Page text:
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WBBM News Radio: Ed Discusses The Sandwich Generation Thumbnail

WBBM News Radio: Ed Discusses The Sandwich Generation


As a parent, you have one of the most critical jobs in the world—raising and encouraging the next generation. Some parents may find that they're sandwiched between raising their kids and caring for older loved ones. Aptly named the "sandwich generation," those in their 40s and 50s may be feeling the pressure of being stuck in the middle. 

If you're a loving parent and adult child caring for your parents, how do you balance your financial well-being and your child's and parent's needs?

Understanding Your Situation

You may feel compelled to provide care for your aging parents in addition to raising children, meaning you don't mind the added responsibility. However, stretching yourself financially between saving for college, preparing for your retirement, and covering your parents' costs can be a challenging situation to find yourself in. Your income stream could be affected depending on how much care your kids or parents require.

That's why protecting your financial standings when caring for loved ones should remain top of mind. Finding that balance is, of course, easier said than done. But here are a few ways to ease the financial toll of caring for elderly parents while doing your own parenting.

Tip #1: Build Your Support Network

Sometimes, people feel they need to shoulder all the responsibility of caring for their elderly parents. You may be the oldest sibling in your family, considered the most responsible, or live closest to Mom and Dad. But if you find that the caretaking is becoming too much for one person, it may be time to have a transparent and honest conversation with your siblings or other family members. They may not know how much added responsibility you've taken on, and they may be just as eager to help.

Family members aside, gathering a team of financial professionals can also benefit. Your financial advisor, for example, can help keep your financial priorities top of mind while also helping you develop a game plan for managing your caretaker responsibilities. Other professionals you may want to engage with include accountants, estate planning attorneys, insurance agents, and college planning professionals.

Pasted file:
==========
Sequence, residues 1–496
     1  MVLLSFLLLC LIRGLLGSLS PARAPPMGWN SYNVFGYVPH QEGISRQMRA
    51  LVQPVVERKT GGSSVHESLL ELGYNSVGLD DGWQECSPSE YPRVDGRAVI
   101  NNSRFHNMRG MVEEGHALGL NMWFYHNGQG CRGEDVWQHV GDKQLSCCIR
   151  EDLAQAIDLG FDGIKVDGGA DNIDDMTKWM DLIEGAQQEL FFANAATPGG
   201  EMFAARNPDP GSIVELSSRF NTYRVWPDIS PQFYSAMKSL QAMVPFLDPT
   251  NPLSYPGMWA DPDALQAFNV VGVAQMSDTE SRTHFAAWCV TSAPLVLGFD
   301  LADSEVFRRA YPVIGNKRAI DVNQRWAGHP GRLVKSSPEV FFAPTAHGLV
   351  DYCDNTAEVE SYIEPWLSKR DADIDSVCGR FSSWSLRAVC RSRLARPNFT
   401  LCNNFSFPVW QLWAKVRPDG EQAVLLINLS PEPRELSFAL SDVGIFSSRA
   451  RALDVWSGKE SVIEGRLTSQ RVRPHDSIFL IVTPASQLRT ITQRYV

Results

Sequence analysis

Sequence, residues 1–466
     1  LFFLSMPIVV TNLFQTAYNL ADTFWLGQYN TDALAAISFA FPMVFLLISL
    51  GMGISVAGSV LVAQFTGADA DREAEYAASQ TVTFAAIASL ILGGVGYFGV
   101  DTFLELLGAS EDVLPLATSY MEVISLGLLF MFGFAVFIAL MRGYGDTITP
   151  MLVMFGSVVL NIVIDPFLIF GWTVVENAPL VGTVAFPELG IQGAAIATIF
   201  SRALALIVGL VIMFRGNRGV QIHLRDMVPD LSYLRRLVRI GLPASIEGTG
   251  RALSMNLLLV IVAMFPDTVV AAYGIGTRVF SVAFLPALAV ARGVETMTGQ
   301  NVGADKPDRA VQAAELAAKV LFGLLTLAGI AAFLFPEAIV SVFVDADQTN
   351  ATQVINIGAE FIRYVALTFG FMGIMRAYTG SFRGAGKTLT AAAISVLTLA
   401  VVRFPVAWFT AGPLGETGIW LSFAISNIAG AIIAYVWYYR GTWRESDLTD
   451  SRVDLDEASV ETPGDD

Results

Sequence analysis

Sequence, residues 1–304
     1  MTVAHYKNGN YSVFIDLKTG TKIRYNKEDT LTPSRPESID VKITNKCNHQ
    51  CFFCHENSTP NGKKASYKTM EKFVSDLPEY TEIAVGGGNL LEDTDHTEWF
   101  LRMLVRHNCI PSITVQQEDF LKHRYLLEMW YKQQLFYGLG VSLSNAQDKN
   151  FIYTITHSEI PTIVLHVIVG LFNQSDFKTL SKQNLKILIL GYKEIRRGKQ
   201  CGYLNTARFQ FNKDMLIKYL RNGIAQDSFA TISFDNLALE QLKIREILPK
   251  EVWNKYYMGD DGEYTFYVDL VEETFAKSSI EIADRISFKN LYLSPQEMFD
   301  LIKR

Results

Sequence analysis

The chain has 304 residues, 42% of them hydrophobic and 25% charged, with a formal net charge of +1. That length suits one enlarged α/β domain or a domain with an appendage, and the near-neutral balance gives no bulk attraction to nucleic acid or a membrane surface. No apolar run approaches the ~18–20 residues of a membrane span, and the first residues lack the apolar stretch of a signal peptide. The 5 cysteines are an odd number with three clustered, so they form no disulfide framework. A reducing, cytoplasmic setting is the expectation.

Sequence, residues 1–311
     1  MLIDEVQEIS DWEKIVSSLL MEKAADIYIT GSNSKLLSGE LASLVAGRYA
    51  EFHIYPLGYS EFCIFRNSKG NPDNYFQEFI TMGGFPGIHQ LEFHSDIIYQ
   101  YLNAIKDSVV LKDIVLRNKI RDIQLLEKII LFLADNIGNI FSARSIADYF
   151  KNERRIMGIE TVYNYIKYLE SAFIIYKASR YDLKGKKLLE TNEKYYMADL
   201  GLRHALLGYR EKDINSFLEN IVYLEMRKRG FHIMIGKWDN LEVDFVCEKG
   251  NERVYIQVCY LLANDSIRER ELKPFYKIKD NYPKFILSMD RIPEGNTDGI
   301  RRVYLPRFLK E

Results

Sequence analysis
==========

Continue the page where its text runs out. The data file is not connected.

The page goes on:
Tip #2: Keep Your Savings Goals in Mind

Remember, you cannot help others financially or otherwise if your financial standing is in jeopardy. Trying to put a kid through college while caring for aging parents can drain your savings if you aren't careful. That's why making your financial goals a priority is essential.

Staying focused on your long-term financial goals (such as retirement) can be considered a way of protecting your kids. Emptying your retirement accounts early or neglecting to save enough for retirement could leave you in a bad spot later in life. In turn, your children may find themselves providing for you financially while raising their own kids. Remembering to prioritize your long-term goals can help set you, your children, and your grandchildren up for a less stressful financial future.

Tip #3: Create Boundaries for Your Children

If your kids are college-age or older, you may be able to set financial limitations with them. This won't be easy, but it may be necessary for certain circumstances. If they don't already work, encourage them to find a part-time job. And if they're already earning an income, help them develop a budget and become as self-sufficient as possible. You may even find that, when presented with the opportunity, your kids can rise to the challenge and learn good money habits from being less financially dependent on their parents.

If your kids are younger, start working with them to understand the importance of saving versus spending. That way, when they're old enough to start earning their own money, they'll be well prepared to work toward financial independence from you.

Tip #4: Consider Investing in a Long-Term Care Policy 

A long-term care insurance policy can cover several expenses not typically covered by health insurance. These could include assistance with activities of daily living (ADLs), such as bathing, dressing, and eating. Care may be provided wherever your parents live, whether at home or in a nursing or adult day care facility.

A long-term care policy is typically bought when individuals are in their 50s or 60s, as a policy can't be obtained once a person has been diagnosed with certain debilitating conditions or diseases. Depending on your parent's health, you may still have time to purchase a policy. If not, you may want to seek a policy for you and your spouse if you're concerned about your future care needs.  

Protecting yourself, your parents, and your kids requires careful strategizing, discipline and planning. It's a balancing act, but it's one you don't have to perform alone. Your financial professional can help steer you in the right direction while prioritizing your financial goals.